As the pandemic continues to affect the livelihoods of communities all over the world, an advocate from UPLB spoke about how they are helping women provide for their families and become more empowered during this time of crisis.
Dr. Rina T. de Luna, a faculty member at the College of Veterinary Medicine, spoke about the program BINHI ng Pag-unlad on Feb. 11 at the international dialogue “Voices from the Grassroots” which was hosted by the Ontario Council for International Cooperation.
“Voices from the Grassroots” sought to highlight the stories of women from South Asia as they face and soldier on amidst social problems in this pandemic.
Dr. de Luna said that BINHI has reached out to 130 families in Cabuyao, Laguna and helped provide them a constant supply of nutritious food for their families during the pandemic, as well as a means of livelihood.
Dr. de Luna said that poor women are the most vulnerable during the COVID-19 crisis. The pandemic and the ensuing lockdowns caused many of them to lose their jobs, severely affecting their income and their access to food. These problems were compounded by domestic and social problems that they were already facing even before the pandemic.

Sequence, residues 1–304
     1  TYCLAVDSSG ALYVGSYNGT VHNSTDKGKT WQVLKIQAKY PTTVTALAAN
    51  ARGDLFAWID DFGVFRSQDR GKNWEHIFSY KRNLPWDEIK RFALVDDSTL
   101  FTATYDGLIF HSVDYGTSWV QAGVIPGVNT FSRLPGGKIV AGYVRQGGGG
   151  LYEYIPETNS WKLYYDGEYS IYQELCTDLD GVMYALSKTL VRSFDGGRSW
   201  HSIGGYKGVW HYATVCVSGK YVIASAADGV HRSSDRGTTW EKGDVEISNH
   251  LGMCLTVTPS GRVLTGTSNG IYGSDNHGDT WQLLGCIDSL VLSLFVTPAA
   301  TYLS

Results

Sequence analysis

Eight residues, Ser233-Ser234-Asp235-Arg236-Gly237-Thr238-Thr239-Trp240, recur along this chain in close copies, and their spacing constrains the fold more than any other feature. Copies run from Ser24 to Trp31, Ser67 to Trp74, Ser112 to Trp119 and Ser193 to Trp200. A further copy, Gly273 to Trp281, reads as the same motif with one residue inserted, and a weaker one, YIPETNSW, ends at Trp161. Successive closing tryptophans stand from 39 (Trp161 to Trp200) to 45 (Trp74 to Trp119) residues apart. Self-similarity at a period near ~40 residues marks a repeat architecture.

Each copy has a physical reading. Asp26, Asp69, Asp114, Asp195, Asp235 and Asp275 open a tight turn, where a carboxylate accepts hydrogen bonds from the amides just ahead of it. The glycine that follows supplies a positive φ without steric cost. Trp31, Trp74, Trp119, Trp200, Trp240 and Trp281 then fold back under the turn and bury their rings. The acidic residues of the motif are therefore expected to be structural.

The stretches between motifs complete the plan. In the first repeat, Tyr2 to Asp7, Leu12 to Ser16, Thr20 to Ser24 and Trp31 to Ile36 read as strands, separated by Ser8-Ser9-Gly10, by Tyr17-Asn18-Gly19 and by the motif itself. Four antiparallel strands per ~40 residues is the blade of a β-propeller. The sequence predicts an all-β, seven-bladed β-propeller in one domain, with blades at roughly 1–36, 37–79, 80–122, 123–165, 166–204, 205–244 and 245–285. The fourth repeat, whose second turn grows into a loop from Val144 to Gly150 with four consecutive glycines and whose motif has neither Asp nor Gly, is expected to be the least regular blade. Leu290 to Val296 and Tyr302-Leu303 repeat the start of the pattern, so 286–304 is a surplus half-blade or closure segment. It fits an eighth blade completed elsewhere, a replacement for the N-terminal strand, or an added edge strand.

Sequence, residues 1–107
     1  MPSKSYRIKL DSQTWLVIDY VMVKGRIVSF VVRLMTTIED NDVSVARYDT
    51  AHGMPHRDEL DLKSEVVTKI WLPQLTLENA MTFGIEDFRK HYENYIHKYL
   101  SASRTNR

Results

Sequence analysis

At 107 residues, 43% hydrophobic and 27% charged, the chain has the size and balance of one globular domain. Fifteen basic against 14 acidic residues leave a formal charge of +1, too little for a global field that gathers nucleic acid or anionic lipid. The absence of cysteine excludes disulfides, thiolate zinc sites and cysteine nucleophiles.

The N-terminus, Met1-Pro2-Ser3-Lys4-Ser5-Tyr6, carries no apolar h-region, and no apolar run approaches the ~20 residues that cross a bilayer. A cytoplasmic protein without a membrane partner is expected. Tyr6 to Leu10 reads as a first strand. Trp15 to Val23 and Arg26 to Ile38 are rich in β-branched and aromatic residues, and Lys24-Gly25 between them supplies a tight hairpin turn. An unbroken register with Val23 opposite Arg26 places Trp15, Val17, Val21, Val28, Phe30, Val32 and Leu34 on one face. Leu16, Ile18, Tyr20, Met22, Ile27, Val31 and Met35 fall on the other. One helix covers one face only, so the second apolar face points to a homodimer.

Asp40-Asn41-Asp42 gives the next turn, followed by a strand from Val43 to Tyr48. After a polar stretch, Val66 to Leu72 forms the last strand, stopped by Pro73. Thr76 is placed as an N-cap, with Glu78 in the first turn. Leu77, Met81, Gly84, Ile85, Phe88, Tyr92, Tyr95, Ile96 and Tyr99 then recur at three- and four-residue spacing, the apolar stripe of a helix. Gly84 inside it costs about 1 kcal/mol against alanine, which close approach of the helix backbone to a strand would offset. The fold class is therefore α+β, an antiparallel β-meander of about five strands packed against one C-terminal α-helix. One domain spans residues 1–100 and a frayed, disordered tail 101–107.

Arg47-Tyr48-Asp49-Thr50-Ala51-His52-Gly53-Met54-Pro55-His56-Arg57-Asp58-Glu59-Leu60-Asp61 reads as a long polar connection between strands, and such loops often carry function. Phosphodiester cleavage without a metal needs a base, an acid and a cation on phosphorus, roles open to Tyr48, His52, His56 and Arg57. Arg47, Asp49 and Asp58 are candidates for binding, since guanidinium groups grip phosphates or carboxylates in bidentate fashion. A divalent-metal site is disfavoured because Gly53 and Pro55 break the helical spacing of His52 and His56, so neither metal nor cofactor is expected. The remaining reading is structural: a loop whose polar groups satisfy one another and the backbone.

BINHI trained the mothers in organic agriculture and taught them how to grow their own food in their backyard. BINHI was able to provide them with seeds and seedlings and other necessities by partnering with seed industries, government agencies, and private individuals.
Six months after they began the program, the women have successfully used organic farming methods to benefit their families and have become community partners.
From this program, they learned that the new reality that is the global pandemic also requires new solutions, and that they need to involve and collaborate with new people from across sectors to create these solutions.
Resilience, Dr. de Luna said, will be needed the most to move forward. She furthered that to build resilience, it is important to empower women and recognize their potential as partners in recovering from the pandemic.
“I am inspired to work with women and create opportunities wherein women take the lead with the right networks. We hope to provide women with experiences and resources to learn what they need to become effective leaders,” she further said.
To ensure the sustainability of these efforts, she called for more efforts to address the inequities that contribute to the vulnerabilities of women and underscored the need for solutions that are pro-poor and gender sensitive. (Jessa Jael S. Arana)